What are Microplastics?

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Researchers recently created a plant-based polymer that biodegrades at microplastic level.

About Microplastics:

  • Microplastics are tiny plastic particles that result from both commercial product development and the breakdown of larger plastics. Officially, they are defined as plastics less than five millimeters (0.2 inches) in diameter.
    • The name is used to differentiate them from “macroplastics”, such as bottles and bags made of plastic.
  • They are present in a variety of products, from cosmetics to synthetic clothing to plastic bags and bottles. Many of these products readily enter the environment as waste.
  • They consist of carbon and hydrogen atoms bound together in polymer chains. Other chemicals, such as phthalates, polybrominated diphenyl ethers (PBDEs), and tetrabromobisphenol A (TBBPA), are typically also present in microplastics.
  • There are two categories of microplastics: primary and secondary.
    • Primary microplastics are tiny particles designed for commercial use, such as cosmetics, as well as microfibers shed from clothing and other textiles, such as fishing nets.
    • Secondary microplastics are particles that result from the breakdown of larger plastic items, such as water bottles. This breakdown is caused by exposure to environmental factors, mainly the sun’s radiation and ocean waves.
  • Environmental Impacts:
    • The problem with microplastics is that, like plastic items of any size, they do not readily break down into harmless molecules.
    • Thus, once in the environment, primary and secondary microplastics accumulate and persist.
    • Microplastics in the ocean can bind with other harmful chemicals before being ingested by marine organisms. Standard water treatment facilities cannot remove all traces of microplastics.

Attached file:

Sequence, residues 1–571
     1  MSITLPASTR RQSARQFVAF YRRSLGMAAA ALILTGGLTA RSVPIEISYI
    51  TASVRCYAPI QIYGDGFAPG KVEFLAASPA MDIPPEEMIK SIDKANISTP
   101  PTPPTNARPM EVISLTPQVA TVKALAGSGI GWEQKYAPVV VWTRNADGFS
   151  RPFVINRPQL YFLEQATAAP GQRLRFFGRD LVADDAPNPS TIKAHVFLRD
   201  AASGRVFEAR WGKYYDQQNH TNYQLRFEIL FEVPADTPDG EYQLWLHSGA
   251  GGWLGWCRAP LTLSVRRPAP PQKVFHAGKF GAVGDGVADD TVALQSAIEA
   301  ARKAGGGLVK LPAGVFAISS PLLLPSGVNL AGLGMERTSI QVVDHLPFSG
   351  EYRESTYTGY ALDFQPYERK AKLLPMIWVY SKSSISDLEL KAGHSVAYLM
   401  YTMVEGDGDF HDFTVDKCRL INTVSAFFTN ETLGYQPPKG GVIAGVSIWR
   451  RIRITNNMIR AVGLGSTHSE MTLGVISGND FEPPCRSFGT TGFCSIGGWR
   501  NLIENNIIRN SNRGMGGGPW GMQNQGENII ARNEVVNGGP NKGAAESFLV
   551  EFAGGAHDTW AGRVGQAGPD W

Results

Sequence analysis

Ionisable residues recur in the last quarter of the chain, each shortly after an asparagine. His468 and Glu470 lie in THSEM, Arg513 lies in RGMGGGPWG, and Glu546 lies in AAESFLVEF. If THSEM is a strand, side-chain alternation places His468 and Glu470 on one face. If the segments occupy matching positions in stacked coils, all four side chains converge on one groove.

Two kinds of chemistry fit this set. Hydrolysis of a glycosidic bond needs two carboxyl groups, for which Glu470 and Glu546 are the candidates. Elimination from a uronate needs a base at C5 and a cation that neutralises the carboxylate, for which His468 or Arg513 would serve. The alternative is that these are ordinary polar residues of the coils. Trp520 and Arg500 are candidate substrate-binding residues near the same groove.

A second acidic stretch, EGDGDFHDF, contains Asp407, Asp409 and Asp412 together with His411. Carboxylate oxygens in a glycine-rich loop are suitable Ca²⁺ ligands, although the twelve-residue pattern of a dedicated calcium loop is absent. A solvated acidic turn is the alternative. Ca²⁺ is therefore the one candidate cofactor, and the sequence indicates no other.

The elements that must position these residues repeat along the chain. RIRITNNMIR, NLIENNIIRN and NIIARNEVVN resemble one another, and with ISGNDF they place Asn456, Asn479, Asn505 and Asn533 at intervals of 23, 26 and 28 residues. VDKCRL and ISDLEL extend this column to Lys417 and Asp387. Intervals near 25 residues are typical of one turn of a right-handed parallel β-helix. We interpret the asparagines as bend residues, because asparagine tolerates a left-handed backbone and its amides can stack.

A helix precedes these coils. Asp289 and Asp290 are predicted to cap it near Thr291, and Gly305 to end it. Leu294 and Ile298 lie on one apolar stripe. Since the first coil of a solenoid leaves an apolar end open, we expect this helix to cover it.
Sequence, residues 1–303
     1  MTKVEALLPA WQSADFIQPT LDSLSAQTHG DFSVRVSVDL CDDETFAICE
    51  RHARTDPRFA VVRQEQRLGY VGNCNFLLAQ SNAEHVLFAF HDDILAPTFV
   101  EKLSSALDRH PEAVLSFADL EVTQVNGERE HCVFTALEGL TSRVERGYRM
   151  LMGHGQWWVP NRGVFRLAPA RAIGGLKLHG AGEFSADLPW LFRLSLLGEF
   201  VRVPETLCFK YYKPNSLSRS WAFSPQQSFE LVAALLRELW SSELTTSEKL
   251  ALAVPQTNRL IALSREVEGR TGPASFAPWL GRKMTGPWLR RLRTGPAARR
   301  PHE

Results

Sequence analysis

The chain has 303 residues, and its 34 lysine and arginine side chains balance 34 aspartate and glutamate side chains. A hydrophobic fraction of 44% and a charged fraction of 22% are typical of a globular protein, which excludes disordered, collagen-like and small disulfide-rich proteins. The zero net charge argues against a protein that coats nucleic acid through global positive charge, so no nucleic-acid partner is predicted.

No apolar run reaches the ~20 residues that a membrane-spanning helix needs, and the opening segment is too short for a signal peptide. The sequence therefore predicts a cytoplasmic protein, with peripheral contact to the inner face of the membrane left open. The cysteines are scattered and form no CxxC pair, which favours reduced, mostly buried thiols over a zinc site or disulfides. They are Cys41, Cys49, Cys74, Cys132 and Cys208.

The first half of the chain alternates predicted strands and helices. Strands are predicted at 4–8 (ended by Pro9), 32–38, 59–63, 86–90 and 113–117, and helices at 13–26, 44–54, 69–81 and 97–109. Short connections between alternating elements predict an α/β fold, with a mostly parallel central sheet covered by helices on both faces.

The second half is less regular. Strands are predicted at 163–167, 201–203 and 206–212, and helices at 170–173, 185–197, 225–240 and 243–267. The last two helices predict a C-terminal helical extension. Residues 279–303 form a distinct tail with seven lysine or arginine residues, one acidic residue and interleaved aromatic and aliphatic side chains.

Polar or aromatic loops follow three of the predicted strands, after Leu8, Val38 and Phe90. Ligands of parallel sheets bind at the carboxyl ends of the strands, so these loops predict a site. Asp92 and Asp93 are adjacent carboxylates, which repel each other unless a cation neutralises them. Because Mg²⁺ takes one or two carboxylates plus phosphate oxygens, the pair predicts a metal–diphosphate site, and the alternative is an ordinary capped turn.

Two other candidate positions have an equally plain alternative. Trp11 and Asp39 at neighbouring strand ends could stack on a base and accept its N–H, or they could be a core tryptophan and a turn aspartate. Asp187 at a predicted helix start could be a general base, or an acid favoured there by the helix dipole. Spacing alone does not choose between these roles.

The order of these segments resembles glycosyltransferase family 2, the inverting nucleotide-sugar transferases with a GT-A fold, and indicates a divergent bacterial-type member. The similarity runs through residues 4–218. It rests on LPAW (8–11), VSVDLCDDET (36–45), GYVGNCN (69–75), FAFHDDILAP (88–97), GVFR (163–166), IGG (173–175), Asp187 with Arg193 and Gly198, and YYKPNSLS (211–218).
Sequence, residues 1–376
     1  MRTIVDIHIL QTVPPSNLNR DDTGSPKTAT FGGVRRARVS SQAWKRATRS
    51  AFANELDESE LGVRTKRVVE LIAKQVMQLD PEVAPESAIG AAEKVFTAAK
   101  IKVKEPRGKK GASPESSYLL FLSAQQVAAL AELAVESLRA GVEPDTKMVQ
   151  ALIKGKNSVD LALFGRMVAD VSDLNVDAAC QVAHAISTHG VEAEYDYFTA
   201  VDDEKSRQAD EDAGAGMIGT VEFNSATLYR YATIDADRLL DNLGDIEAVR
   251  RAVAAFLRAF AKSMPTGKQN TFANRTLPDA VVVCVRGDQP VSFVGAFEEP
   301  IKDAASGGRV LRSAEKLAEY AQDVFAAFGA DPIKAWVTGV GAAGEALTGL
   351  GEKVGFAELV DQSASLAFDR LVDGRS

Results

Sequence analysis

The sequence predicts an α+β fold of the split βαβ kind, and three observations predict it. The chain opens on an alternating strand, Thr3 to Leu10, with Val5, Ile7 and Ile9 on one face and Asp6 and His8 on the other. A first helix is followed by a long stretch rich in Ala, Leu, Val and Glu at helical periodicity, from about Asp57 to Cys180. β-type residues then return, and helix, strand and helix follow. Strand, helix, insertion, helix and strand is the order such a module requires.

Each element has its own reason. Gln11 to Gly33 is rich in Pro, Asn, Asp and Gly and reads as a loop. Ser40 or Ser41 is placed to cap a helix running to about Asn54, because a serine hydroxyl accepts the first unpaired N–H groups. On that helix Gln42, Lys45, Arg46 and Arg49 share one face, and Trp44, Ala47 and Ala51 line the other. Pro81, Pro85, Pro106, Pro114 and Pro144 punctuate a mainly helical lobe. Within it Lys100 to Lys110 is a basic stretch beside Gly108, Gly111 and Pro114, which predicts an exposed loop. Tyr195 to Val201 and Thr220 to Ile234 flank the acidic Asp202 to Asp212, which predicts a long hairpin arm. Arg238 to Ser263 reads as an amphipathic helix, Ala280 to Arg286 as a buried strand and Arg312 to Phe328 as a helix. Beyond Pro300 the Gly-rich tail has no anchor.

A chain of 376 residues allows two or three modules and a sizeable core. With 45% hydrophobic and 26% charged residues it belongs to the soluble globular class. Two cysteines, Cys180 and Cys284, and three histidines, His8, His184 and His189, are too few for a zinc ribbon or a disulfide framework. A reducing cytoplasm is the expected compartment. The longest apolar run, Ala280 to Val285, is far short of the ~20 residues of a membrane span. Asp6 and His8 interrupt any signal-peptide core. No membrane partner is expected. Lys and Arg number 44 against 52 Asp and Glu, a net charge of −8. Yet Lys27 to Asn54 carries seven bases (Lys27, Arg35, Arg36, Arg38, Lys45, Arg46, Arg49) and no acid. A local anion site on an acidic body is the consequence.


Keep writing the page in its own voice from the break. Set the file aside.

• Microplastics are also a source of air pollution, occurring in dust and airborne fibrous particles. 

What are Polymers?

  • Polymers are materials made of longrepeating chains of molecules. The materials have unique properties, depending on the type of molecules being bonded and how they are bonded.
  • Some polymers bend and stretch, like rubber and polyester. Others are hard and tough, like epoxies and glass.
  • The term polymer is often used to describe plastics, which are synthetic polymers. However, natural polymers also exist; rubber and wood, for example, are natural polymers that consist of a simple hydrocarbon, isoprene.

Q1: What are phthalates?

Phthalates are a group of chemicals used to make plastics more durable. They are often called plasticizers. Some phthalates are used to help dissolve other materials. Phthalates are in hundreds of products, such as vinyl flooring, lubricating oils, and personal-care products (soaps, shampoos, hair sprays).

Source : "Monumental Step": Scientists Create Biodegradable Microplastics